CISA and NIST published a report on software supply chain attacks that shed light on the associated risks and provide instructions on how to mitigate them.
The U.S. Cybersecurity and Infrastructure Security Agency (CISA) and the National Institute of Standards and Technology (NIST) released a joint advisory that provides trends and best practices related to supply chain attacks for network defenders.
A software supply chain attack occurs when a threat actor compromises the network of a software vendor and injects malicious code in the software, or its updates, before the vendor sends it to its customers
The recent SolarWinds demonstrated how dangerous could be a supply chain attack and how hard is to detect it.
The advisory recommends the use of the National Institute of Standards and Technology (NIST) Cyber Supply Chain Risk Management (C-SCRM) framework and the Secure Software Development Framework (SSDF) to identify, assess, and mitigate risks associated with this type of attacks.
Most common techniques used to conduct supply chain attacks are:
- Hijacking updates;
- Undermining code signing;
- Compromising open-source code
In some cases attacks could mix the above techniques to improve the efficiency of their operation.
Most of these attacks are attributed to well-resourced attackers and APT groups which are known to have high-technical capabilities.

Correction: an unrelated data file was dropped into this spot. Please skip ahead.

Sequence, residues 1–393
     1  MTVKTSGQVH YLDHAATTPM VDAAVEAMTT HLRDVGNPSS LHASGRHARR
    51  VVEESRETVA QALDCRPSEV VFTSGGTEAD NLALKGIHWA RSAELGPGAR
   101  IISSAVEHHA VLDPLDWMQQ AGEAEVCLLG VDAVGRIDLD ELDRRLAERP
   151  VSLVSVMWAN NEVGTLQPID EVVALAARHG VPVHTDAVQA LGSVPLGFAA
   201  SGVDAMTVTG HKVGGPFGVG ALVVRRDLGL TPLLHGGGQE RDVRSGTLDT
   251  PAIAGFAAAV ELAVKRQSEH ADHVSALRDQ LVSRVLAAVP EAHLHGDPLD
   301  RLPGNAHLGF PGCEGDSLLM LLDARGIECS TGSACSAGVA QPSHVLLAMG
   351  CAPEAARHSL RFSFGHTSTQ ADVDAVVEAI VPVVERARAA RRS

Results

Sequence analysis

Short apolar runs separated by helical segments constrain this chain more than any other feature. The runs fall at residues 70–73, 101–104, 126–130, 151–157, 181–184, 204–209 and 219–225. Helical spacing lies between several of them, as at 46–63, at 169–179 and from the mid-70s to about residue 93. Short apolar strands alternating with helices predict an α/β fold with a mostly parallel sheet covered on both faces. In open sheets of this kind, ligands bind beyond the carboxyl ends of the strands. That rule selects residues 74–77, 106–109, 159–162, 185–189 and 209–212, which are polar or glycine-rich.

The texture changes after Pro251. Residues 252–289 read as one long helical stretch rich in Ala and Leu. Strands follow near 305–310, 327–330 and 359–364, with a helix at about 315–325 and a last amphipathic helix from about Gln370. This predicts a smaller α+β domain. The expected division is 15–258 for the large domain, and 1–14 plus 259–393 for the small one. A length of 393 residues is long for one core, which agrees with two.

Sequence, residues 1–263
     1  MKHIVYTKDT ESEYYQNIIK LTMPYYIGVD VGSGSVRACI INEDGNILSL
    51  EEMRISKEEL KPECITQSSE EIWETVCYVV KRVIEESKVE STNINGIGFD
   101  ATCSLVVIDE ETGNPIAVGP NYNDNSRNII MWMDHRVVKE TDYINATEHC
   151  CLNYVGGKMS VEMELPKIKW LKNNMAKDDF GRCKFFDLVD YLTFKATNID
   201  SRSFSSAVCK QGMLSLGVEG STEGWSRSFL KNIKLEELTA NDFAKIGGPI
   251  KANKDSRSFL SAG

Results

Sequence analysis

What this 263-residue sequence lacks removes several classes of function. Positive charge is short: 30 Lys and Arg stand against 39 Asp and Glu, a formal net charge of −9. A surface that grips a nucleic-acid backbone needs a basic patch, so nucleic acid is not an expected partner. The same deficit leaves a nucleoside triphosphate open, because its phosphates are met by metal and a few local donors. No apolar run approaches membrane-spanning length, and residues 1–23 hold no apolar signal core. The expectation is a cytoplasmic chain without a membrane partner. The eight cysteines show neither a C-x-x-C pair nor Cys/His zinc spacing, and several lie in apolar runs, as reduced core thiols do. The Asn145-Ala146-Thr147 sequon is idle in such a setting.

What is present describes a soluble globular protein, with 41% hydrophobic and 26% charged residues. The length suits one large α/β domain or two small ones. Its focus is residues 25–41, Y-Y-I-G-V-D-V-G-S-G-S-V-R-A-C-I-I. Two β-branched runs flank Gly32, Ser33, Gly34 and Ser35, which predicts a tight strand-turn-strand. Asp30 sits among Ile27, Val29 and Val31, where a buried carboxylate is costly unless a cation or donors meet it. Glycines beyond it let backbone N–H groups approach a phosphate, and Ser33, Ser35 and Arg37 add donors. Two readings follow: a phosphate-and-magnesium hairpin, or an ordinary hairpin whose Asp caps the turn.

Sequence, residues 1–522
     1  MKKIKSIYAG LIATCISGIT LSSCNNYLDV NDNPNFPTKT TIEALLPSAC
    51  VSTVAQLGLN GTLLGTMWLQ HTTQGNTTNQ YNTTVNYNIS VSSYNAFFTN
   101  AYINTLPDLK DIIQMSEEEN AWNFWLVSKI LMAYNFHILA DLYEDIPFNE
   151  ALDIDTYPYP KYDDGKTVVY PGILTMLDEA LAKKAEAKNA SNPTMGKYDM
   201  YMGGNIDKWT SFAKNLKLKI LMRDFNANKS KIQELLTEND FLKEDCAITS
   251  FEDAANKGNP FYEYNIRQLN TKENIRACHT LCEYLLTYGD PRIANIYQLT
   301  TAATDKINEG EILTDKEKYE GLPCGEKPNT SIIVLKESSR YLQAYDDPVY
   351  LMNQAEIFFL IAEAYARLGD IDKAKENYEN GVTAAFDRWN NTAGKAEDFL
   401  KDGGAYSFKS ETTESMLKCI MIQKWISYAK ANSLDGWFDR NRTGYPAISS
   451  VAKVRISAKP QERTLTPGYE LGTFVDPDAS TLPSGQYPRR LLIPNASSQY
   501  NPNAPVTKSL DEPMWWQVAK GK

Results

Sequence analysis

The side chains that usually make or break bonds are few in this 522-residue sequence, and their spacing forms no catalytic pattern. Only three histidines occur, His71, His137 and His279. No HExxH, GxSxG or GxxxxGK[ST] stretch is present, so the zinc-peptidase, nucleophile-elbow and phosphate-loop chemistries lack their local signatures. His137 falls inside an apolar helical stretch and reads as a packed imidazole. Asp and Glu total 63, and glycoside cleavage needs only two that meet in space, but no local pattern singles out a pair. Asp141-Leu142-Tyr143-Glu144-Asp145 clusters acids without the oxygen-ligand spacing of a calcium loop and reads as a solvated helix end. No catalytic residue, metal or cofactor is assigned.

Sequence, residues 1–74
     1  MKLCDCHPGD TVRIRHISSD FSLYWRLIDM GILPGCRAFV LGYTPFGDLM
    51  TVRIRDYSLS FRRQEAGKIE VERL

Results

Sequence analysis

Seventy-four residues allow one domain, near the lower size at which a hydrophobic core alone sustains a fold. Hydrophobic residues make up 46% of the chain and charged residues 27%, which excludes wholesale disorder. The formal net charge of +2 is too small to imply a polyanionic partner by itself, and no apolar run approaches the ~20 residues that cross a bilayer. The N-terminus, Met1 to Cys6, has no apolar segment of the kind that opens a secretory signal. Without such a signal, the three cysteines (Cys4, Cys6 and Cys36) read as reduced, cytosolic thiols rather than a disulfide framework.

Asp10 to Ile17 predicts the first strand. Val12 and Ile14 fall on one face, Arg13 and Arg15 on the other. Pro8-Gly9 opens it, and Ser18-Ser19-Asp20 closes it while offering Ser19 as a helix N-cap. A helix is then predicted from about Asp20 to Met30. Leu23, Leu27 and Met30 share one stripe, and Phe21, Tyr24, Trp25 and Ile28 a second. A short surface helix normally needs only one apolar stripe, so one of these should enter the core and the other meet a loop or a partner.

“Software supply chain attacks typically require strong technical aptitude and long-term commitment, so they are often difficult to execute.” reads the joint advisory. “In general, advanced persistent threat (APT) actors are more likely to have both the intent and capability to conduct the types of highly technical and prolonged software supply chain attack campaigns that may harm national security”
The report points out that organizations are vulnerable to this kind of attacks for two major reasons:
- many third-party software products require privileged access;
- many third-party software products require frequent communication between a vendor’s network and the vendor’s software product located on customer networks
The advisory includes a series of recommendations on how organizations can prevent supply chain attacks and how to mitigate them in case malware or vulnerable software were delivered using this technique.
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(SecurityAffairs – hacking, supply chain)
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Source: Security Affair